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Suspension Of Oba Oluwo Of Iwo Is Illegal And Unknown To The Law - Barr Pelumi Olajengbesi


I have read several reports on social media about the announced suspension of the controversial monarch, Oba Abdulrasheed Akanbi, the Oluwo of Iwo land, by the Osun State Council of Traditional Rulers and I must state that the media reports or thought lines in public are misleading. 


It is my considered opinion that the suspension of a monarch by any traditional council is weightless and unknown to any law in Nigeria. More disturbing, however, is that the ground for the said suspension is on the basis of his alleged conflict with their Imperial Majesties, the Ooni of Ife, the Alaafin of Oyo, Alake of Egba amongst others. This goes to show that the said decision is borne out of class struggle which the council may make media statements on but cannot sanction a paramount ruler purported to have been done in this circumstance. The Council cannot lawfully exercise a power it does not have.

It is a given that issues of royal institutions must be handled with utmost decorum and decency. In every town or land, more particularly in Yoruba Land, a monarch can only be appointed and removed in line with the strict laws of the respective States. The Oluwo of Iwo is first a paramount ruler of the Iwo land, and hence cannot be suspended from the throne by any group of traditional rulers acting in concert or by any other community save by the State Government acting in compliance with the laid down procedure for his removal as enshrined in the State Law.

It must be well noted that the membership of the Oba Oluwo of Iwo in the Osun State traditional council did not emanate from the council purporting to suspend him but stems from the fact of his being the Oluwo of Iwo Land and as such the Council cannot divest or put in abeyance membership of a Council they did not confer on him.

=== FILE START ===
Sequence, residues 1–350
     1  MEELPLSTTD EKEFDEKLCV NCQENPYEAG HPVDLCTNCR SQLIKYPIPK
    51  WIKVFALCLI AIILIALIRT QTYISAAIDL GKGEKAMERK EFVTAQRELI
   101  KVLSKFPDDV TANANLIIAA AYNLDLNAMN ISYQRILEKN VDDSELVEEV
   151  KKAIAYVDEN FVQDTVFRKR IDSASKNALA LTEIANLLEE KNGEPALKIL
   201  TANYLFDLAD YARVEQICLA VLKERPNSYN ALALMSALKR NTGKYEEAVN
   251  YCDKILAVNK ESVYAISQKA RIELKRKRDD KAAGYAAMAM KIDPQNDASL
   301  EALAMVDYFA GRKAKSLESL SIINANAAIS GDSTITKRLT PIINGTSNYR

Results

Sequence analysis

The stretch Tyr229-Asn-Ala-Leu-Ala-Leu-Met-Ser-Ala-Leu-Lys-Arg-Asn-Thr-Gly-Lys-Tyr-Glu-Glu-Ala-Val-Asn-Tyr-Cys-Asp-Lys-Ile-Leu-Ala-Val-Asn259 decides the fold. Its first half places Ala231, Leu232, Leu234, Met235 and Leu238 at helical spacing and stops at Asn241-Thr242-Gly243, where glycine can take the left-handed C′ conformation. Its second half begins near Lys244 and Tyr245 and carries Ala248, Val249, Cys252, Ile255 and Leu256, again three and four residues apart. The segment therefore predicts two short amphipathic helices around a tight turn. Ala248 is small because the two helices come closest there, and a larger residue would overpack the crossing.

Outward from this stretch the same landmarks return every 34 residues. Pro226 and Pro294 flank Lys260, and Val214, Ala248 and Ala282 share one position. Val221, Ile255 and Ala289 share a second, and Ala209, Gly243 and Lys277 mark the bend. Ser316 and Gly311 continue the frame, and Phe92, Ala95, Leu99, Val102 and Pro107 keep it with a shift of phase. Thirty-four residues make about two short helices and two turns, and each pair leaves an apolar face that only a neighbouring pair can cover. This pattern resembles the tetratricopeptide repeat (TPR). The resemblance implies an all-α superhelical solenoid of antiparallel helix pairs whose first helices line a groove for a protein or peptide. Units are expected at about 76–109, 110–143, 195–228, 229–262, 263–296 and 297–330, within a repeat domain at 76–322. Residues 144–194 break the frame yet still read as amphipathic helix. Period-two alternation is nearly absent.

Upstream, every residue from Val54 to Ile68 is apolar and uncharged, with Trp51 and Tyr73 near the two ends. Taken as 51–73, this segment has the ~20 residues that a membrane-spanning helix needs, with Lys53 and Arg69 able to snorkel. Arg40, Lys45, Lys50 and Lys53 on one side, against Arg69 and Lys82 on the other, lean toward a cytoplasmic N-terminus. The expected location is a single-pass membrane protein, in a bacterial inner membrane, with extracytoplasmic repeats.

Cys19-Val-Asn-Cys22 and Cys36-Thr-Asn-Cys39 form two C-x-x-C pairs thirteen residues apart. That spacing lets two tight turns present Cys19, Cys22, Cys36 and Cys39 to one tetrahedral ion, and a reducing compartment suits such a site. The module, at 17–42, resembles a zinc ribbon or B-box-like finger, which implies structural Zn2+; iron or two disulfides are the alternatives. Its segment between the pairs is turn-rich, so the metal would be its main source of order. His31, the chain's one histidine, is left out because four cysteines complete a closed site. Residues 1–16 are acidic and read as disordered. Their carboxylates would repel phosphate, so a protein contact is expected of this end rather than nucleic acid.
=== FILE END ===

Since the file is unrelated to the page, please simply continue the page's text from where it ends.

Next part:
While it can be set down for argument that the Osun State Council of Traditional Rulers can in their rights suspend a king from participating in their council meetings or activities, this must not be construed to import that the traditional authority over a King's subjects can be eroded by such council as publicly reported in the press. This is in view of the fact that the procedure for ascension and removal from the throne is governed by the rule of law which does not empower the council to enthrone, dethrone or suspend any traditional ruler.

Any traditional ruler can disagree with another traditional ruler no matter how well placed such a ruler is when it comes to issues of protecting their heritage, stools, history and values of their land, and it behoves the Government to intervene and help resolve such differences. Some of these traditional rulers have dispute deeply rooted in their history and even when they live together peacefully with the coming of civilisation, the history cannot be taken away.

This situation can best be likened to the suspension of a Governor by the Governor’s Forum from the said forum which has the implication of staying his rights and privileges as it relates to the forum and not as it relates to his power, rights and duties as Governor of his state.

It is equally important to posit the now trite cliché in law, that is: “It is only he who has the power to hire that has the power to fire”, in this case, since it is not within the exclusive or implied powers or discretion of the traditional rulers in council to appoint a traditional ruler, it can therefore not be within their powers to suspend any traditional ruler.

While this position is not in anyway an endorsement of the probity or otherwise of the allegations levelled against the Royal Father, it proceeds from the best interest of the state at heart in ensuring that a bad precedent for the future is not set as a tool for political manipulation and intimidation of Royal Fathers, who have enjoyed deserved autonomy and neutrality in keeping with the established cultures and traditions of their land, by supposed persons of power and interest. This will have the effect of further whittling down the almost disregarded age long traditional institutions.

Therefore Oba Abdulrasheed Akanbi, the Oluwo of Iwo remains the King while the announced suspension in my humble opinion is a mere media advocacy against the monarch. I expect the Oluwo of Iwo to endeavour to build bridges with his colleagues now.

Pelumi Olajengbesi Esq., is a Legal Practitioner and Principal Partner at Pelumi Olajengbesi & Co. Law Corridor.

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